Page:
Hello Akshat, I need to buy a new laptop to create home videos as well as to conduct high quality telehealth sessions via webcam with clients. My 2010 Dell XPS 14 i5 computer lasted 9 years and worked very well, but it’s almost DONE! Pitifully outdated!

Radeon RX 6x50M Series: Additional Mobile SKUs With More Performance

The second group of mobile graphics announcements to come to AMD is the addition of 3 more Radeon RX 6800M / 6600M SKUs. Just over 6 months after the initial introduction of the current generation mobile parts, AMD is expanding the family with a few additional SKUs based on the existing Navi 22 and Navi 23 GPUs. All these new parts carry the Class 50 designation and are essentially higher clock / higher configured versions their existing mobile counterparts.

Specifications AMD Radeon RX Mobile 6800M / 6700M
AMD Radeon RX 6850M XT AMD Radeon RX 6800M AMD Radeon RX 6700M
Stream processors 2560
(40 jp)
(40 jp)
(36 units)
RPO 64 64 64
Game clock 2463 MHz 2300 MHz
The boost timer Not applicable Not applicable Not applicable
Performance (FP32) 12.6 TFLOPS 11.8 TFLOPS 10.6 TFLOPS
Memory clock Up to 18 Gbps GDDR6 Up to 16 Gbps GDDR6 Up to 16 Gbps GDDR6
Memory bus width 192-bit 192-bit 160-bit
VRAM 12 GB 12 GB 10 GB
Infinity Cache 96MB 96MB 80MB
TGP scope 130 – 165W 130 – 145W 90 – 135W
Production process TSMC 7nm TSMC 7nm TSMC 7nm
The number of transistors 17.2B 17.2B 17.2B
Architecture RDNA2 RDNA2 RDNA2
GPU Navigation 22 Navigation 22 Navigation 22
Launch date 1st Quarter 2022 06/2021 08/2021

Radeon RX 6500M & 6300M: Navi 24 Arrives for Mobile

Lastly and technically least, AMD is also introducing a pair of new entry-level SKUs, the Radeon RX 6500M and the Radeon RX 6300M. These parts are based on the new Navi 24 GPU and are the only products launched today that are actually based on the new silicon.

Like the Navi 14 predecessor, the Navi 24 is the fourth and seemingly final member of the AMD Navi 2x graphics card stack and targets the low-end / entry-level segment. In the smallest Navi GPU, AMD has once again scaled the Navi 2x architecture, essentially cutting the Navi 23 in half to deliver a portion with half the CUs, half the memory bus, and half the power consumption.

But as an added boost, AMD does not reuse TSMC’s 7nm process for the Navi 24. Instead, the smallest Navi chip is manufactured in the 6nm manufacturing node, which we presume to be TSMC’s N6 line. This is the second AMD GPU / accelerator we’ve seen with 6nm technology – after the gigantic CDNA2 chip in the Radeon Instinct MI250X – so AMD takes full advantage of its close collaboration with TSMC and thus benefits from the benefits offered by what is essentially enhanced version of the 7-nanometer TSMC process. Switching to the N6 probably doesn’t increase AMD’s performance, but a roughly 15% improvement in transistor density will allow AMD to get many more dies from each wafer at a time when factory power is at a premium.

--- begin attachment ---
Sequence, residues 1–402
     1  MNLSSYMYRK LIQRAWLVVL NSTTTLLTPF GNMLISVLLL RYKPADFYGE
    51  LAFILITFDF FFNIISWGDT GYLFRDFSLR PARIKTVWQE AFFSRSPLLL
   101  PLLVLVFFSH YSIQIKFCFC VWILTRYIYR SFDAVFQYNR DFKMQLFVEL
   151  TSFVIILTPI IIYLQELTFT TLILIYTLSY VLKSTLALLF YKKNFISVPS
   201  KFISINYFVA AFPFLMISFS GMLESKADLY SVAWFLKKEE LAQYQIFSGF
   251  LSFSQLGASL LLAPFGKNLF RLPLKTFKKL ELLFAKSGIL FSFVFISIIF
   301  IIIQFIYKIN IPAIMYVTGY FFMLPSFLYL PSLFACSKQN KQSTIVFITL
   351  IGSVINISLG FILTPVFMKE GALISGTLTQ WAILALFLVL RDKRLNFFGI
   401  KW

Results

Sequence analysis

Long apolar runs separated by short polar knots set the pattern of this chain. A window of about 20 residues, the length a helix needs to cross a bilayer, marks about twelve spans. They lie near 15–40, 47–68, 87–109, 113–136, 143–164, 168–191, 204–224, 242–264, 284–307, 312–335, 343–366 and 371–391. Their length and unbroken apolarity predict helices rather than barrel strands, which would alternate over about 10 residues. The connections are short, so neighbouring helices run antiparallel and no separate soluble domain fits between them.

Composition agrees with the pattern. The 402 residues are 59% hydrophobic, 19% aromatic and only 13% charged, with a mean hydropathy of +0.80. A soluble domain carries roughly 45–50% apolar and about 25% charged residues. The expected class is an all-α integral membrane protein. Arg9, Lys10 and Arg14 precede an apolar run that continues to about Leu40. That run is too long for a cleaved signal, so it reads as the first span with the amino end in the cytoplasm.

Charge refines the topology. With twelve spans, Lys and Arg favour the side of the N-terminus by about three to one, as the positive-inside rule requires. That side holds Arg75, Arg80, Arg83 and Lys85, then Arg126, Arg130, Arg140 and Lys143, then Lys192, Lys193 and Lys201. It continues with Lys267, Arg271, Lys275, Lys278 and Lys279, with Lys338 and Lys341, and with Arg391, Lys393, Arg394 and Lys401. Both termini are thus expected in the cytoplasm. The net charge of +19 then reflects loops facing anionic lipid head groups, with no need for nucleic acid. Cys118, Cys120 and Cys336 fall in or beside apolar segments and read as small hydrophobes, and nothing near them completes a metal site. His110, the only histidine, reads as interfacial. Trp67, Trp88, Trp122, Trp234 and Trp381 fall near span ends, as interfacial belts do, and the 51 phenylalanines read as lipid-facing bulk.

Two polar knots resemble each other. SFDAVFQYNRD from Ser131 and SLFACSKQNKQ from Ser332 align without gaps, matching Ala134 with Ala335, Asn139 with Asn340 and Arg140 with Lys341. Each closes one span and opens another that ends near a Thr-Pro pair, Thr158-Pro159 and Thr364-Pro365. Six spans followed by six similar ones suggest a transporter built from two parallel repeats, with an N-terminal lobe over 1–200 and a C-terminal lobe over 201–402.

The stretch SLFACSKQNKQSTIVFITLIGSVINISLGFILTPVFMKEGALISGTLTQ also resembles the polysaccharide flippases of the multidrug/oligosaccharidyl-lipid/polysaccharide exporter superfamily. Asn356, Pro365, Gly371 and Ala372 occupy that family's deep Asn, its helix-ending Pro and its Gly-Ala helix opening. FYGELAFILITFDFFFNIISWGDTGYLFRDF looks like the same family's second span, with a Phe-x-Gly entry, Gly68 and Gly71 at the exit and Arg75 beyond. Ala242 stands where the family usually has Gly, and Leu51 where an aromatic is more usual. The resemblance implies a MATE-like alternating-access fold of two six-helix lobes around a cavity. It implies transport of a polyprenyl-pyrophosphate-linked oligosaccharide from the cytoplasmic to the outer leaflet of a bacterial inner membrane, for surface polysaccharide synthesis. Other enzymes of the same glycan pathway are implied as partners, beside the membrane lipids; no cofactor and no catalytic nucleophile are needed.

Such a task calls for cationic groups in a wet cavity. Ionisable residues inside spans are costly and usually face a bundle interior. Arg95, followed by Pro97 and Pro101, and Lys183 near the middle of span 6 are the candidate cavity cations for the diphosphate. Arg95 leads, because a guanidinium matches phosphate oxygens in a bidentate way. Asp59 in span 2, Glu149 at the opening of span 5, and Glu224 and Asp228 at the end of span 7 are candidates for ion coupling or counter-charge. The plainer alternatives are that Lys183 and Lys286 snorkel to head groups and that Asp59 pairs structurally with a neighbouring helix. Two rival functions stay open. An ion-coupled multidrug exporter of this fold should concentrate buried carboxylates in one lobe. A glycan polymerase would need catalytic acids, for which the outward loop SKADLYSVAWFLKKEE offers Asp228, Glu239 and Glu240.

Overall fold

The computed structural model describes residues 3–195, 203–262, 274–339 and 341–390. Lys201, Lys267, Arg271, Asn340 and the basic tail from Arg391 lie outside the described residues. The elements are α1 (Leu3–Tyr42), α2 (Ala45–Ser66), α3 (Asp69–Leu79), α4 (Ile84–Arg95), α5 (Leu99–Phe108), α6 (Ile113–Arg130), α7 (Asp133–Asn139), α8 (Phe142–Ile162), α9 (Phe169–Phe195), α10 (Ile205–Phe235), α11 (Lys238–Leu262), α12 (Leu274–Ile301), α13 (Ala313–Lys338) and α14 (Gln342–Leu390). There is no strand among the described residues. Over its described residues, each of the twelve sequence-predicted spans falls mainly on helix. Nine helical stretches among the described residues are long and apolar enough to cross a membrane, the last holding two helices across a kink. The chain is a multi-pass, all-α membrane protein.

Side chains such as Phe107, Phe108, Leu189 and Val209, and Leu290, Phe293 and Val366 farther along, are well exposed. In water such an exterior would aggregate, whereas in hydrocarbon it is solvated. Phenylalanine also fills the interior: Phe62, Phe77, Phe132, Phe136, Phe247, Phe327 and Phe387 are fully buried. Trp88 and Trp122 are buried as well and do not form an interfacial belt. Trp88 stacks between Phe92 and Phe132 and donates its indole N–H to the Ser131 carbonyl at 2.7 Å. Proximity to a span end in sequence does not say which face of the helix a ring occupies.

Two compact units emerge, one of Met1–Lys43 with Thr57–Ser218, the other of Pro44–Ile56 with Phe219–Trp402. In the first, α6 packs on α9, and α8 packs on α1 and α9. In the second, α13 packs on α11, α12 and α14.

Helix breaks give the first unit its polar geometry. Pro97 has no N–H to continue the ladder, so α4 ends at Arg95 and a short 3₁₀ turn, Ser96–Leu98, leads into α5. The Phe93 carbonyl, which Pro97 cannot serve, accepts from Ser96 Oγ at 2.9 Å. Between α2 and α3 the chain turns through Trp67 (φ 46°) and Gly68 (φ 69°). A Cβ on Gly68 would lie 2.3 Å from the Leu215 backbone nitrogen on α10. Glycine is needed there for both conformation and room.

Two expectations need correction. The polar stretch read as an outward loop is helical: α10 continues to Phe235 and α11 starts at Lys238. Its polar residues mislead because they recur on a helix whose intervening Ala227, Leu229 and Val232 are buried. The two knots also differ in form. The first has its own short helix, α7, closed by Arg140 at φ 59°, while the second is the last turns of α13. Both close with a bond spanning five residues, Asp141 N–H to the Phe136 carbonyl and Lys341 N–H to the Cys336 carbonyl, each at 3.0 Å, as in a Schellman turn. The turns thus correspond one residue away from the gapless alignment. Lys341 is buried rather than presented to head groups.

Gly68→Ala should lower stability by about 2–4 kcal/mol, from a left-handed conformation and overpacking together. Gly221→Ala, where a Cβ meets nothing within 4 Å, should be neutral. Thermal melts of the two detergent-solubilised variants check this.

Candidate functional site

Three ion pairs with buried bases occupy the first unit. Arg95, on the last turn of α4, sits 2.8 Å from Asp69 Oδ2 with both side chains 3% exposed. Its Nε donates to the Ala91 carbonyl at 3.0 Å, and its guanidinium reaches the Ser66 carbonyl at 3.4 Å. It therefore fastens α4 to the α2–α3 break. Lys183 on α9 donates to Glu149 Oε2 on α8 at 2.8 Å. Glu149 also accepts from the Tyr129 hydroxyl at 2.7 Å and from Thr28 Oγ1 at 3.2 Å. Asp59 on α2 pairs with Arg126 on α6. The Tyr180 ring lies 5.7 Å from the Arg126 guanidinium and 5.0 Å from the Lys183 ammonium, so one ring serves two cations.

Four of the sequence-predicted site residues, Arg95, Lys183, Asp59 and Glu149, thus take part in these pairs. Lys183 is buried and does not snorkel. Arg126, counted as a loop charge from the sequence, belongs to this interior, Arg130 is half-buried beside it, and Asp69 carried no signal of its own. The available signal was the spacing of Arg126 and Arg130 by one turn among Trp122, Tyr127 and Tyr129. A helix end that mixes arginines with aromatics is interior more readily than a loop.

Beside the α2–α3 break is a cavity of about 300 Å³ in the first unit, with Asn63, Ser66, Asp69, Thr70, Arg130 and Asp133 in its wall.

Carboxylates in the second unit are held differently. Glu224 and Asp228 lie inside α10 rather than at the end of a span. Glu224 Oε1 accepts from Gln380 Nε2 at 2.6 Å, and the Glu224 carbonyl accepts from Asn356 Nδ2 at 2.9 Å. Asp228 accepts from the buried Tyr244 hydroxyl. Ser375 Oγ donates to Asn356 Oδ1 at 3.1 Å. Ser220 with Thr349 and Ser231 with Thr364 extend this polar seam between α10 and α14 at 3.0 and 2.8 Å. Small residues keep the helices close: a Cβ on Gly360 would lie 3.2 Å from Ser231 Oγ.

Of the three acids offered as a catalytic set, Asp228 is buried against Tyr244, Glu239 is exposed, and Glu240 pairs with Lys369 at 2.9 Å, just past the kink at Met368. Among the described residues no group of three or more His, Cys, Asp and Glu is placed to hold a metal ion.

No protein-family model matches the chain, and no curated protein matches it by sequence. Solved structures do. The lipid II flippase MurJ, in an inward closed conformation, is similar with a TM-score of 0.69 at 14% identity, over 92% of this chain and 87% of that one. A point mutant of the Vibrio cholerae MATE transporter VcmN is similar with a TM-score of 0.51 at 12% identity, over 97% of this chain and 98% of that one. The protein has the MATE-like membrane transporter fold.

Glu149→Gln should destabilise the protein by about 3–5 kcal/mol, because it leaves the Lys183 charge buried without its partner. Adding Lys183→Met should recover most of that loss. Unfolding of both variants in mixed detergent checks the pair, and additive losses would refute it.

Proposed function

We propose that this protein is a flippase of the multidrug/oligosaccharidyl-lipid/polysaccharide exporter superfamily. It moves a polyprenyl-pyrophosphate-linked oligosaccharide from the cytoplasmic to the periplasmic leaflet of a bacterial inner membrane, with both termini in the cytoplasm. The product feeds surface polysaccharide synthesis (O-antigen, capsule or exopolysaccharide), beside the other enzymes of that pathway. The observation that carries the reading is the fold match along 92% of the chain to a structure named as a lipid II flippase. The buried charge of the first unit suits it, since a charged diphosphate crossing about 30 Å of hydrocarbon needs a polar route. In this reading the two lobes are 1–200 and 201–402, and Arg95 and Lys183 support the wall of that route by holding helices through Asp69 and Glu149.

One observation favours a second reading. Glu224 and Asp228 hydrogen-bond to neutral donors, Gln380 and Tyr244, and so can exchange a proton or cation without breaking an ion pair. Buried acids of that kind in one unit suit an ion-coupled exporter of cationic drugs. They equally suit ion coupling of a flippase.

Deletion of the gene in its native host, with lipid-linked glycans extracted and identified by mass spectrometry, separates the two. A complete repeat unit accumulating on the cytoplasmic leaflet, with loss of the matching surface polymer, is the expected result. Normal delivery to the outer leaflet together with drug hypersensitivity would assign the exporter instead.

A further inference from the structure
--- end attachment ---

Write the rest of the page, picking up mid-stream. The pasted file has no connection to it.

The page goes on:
To that end, while AMD hasn’t released official transistor numbers or die size for the Navi 24, expect it to be very small, especially compared to the hefty Navi chips AMD has released so far.

With the reduction in the number of CUs, another big area of ​​saving space for AMD transistors / chips in the Navi 24 will come from a further reduction in the size of the Infinity cache. This onboard SRAM cache is only 16MB for the Navi 24, which is half the size of the cache on the Navi 23 (6600M). Considering that the Navi 23 was already the best place to play 1080p, I am very curious to see how the Navi 24 is doing this way; Will 16MB be a large enough cache for entry-level games? By comparison, a 32-bit 1080p framebuffer is just under 8MB in size, so it won’t take too much to fill a 16MB cache.

Specifications for the AMD Radeon RX Mobile 6500M / 6300M ​​series
AMD Radeon RX 6500M AMD Radeon RX 6300M AMD Radeon RX 5500M AMD Radeon RX 5300M
Stream processors 1024
(16 CU)?
(12 units)
(22 jp)
(22 jp)
RPO 32 32 32 32
Game clock 2191 MHz 1512 MHz 1448 MHz 1181 MHz
The boost timer Not applicable Not applicable 1645 MHz 1445 MHz
Performance (FP32) 4.5 TFLOPS ? TFLOPS 4.6 TFLOPS 4.1 TFLOPS
Memory clock Up to 16 Gbps GDDR6 Up to 18 Gbps GDDR6 14 Gbps GDDR6 14 Gbps GDDR6
Memory bus width 64-bit 64-bit 128-bit 96-bit
VRAM 4 GB 2 GB 4 GB 3 GB
Infinity Cache 16 MB 16 MB Not applicable Not applicable
TGP scope 35 – 50W 25W 85W 60W
Production process TSMC N6 TSMC N6 TSMC 7nm TSMC 7nm
The number of transistors 5.4B 5.4B 6.4B 6.4B
Architecture RDNA2 RDNA2 RDNA (1) RDNA (1)
GPU Navigation 24 Navigation 24 Navigation 14 Navigation 14
Launch date 1st Quarter 2022 1st Quarter 2022 10/2019 11/2019